My flight to Colorado is now booked, weyheyy its so exciting!!! I'll be flying at the end of the month, which gives me enough time to celebrate my 18th birthday, spend time with my cousin visiting from South Africa, and spend my final week spectating at a Parelli clinic run by Silke Valentin! I think that all these things will leave me amped up and full of gusto for the Parelli office. 

Saturday, June 12, 2010

... and there are fat ponies back at home, too!

Well... I've come to the conclusion that I'll never be able to keep my distance from the equine species for long. My first day back home in the UK, and I was already wandering down the field to meet my sister's new pony, and to say hello to the other four chubbies! Of course, the fact that my parents have bought a (really snazzy) quad bike, makes trips down the field even more appealing..

 Helping Julie with Tim

I'm so impressed at how the family have developed in their horsemanship. Longfields is such a learning zone; there is always something on the go. With Parelli being a main focus, we regularly hear the voices of Pat and Linda Parelli echoing through our house in DVD format, and of course reflected in the way that we think and speak!  

Preparing for a hack with Kate on Cloud, and me on mum's pony, Teri

8 year old Kate has got a great new pony, called Cloud. It seems as if he'll be the perfect match for feisty and independent-minded Kate, who wants to do everything 'for herself.' Although lacking in confidence, Cloud is essentially a very Left Brained pony, so it will be interesting to see the partnership develop between Kate and Cloud. I've been helping Kate with him, partly because I couldn't keep my hands off the ropes, and partly because she needs some assistance. This week we worked on refining the Seven Games, softening Kate's phases (she tends to be a bit too quick, resulting in all her cues becoming hugely unsubtle), and getting Kate up and riding him. She was so pleased to have hacked him out at the beginning of the week, and finished the week with cantering him - both in a saddle on the bridleway, and bareback in the fields at home!

Long phase 1, quick 2,3,4

13 year old Julie is doing great work with both her ponies. JJ seems to have gone lame, and we're concerned that its an old leg injury affecting him, but the extra time has freed Julie to do more with Tim, and they are doing some fantastic work together. Timmy is extremely right brained, and being a right brainer herself, Julie has now got the maturity to understand Tim and give him exactly what he needs. In a recent session with the two of them, we played at extending the 7 games. We realized that the foundations are now in place to further challenge their relationship, so I set Julie some challenges, such as playing the games from behind Tim (zones 3, 4 and 5)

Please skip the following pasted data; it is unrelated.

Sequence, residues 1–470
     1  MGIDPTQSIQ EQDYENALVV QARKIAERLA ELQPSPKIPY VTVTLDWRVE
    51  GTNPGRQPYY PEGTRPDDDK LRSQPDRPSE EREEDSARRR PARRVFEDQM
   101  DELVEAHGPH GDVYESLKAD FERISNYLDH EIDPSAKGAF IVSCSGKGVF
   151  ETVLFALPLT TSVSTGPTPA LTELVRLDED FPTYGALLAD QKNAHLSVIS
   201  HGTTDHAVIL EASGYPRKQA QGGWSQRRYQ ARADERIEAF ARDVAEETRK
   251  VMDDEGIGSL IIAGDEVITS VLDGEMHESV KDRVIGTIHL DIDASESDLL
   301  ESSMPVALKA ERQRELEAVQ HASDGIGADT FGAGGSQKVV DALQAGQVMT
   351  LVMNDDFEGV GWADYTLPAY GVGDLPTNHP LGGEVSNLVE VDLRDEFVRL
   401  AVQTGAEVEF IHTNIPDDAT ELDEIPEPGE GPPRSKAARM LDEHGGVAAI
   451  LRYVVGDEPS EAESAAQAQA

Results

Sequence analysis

I've been rewatching the new Parelli Level 3 pack, and these are a couple of the things I've been picking up on:

  • You’re either sensitizing or desensitizing your horse. Working with a pair like Kate and Cloud, I have become so aware of not assuming things. Both of them tend to be very busy, and will act on what you told them to do 20 mins ago, but of course the lesson plan may have changed by then! They can be deceptive, as their 'confidence and obedience' may look amazing, until you realize that you didn't actually ask them to do that task... when you correct this, the pony/child may not seem so confident anymore!  Of course teaching assumptions is relative to sensitivity levels; if you're unintentionally teaching your horse to react - you're sensitizing him. But, say you don't follow through with a particular task, you teach the horse to disobey you - desensitizing. You want to find a 'sensitivity balance' where the horse respects you, and tunes into what *you* are asking them to do.
  • You have to understand prey animal psychology. Safety, comfort, food and play (in that order) are highly important to prey animals. You must find where your horse is at; there is no point in offering a horse comfort when they are actually seeking safety, and vise versa. 
  • Some horses dignity is not intact because they’ve been put through force fear and intimidation. They only react, and never engage. They feel as if their dignity has been taken away. I love the way that dignity sums it all up. After all, how can we expect a horse to respect us, when the human race has never respected them? The start of a relationship with a horse, the place where they begin to engage, is when we hand them back their dignity. When we respect them. I find that recognizing the smallest things (as Pat says, the slightest try) is what makes all the difference... for instance, if the horse doesn't want to be touched, how about respecting that, and not touching him? But, if we're respecting them, there is an expectation that they respect us. They don't have to like us immediately, but they must respect us in turn. 
  • You can shoot a gun off any horse... once. Confidence is for life. Exposing a horse is the start of confidence. Stay away from right and wrong, just do the natural thing. Confidence does not necessarily equal sensitivity (response)